A different kind of "showing" vs "telling"

msstice

200 words a day = 1 novel/year
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Version 1
Kenny looked up. A vulture circled silently in the cloudless blue sky. He gripped the spoon more tightly in his mouth and began scooping the sand away from his head with renewed vigor.

Version 2
A vulture circled silently in the cloudless blue sky. Kenny gripped the spoon more tightly in his mouth and began scooping the sand away from his head with renewed vigor.


There are some subtleties in the two presentations above.

Distance: V1 first tells us Kenny is looking somewhere, then shows us what he sees. This is more distant than V2 where we just see what Kenny sees.
Emphasis: V1 emphasizes the seeing, especially if we aren't in the habit of peppering the text with such action verbs. It also emphasizes a pause in the action and gives it more space to breathe.


Now, despite my professional looking analysis here, I don't actually know what other people think when they read this. Do most people just skip over it, so it doesn't affect how they receive this text? Does the extra distance bother them?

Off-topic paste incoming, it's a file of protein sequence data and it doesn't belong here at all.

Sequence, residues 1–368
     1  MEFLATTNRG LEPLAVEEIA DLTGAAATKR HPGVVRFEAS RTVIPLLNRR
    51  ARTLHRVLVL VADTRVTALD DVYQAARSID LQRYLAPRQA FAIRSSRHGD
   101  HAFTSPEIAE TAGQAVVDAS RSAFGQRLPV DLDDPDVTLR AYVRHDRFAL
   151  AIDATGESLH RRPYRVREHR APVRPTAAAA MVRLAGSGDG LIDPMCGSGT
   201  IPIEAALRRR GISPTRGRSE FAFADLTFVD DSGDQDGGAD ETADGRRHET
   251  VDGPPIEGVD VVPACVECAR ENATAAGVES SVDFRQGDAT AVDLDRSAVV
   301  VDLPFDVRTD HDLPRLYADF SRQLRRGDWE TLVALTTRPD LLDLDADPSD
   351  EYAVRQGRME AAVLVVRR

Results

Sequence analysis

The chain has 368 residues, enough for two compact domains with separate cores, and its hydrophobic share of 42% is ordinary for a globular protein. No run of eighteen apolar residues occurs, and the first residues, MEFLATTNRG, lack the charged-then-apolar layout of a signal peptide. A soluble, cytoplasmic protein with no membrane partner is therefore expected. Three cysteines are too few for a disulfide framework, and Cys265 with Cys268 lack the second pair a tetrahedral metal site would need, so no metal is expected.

It's impossible to say what most people do. In truth, i can't even say what i do. Even in reading the same novel, i might skip one passage, like another, dislike another.

The real question is, which do you like? If you dislike one, use the other.
 
The "looked" is what Ursa calls a veil word and Jo calls a filter, and yes, they're distancing -- here's Jo's post about them The Toolbox -- The Important Bits

If a veil word adds something to the line, it's worth keeping; if it doesn't, then try and do without it, to stay closer to the character. The odd one isn't a problem, but too many of them might well be.

Having said that I suspect this is one of those issues that worries us as writers more than it ever worries readers.
 
I generally prefer to roll with the first. It feels more true to how people recount their stories.

Most conventional writing advice will tell you to do the second. Less words, if nothing else. I usually edit from the first to the second.

I personally find the latter more distancing. Removing the physical actions makes it feel more consciously literary and less like I'm hearing someone recount a story. I guess if someone was writing it in a close enough way that it feels like a stream of consciousness monologue it wouldn't feel distancing, but personally that a) went out the window the moment the third person pov was established b) requires a more cluttered voice, because people don't think and talk that smooth.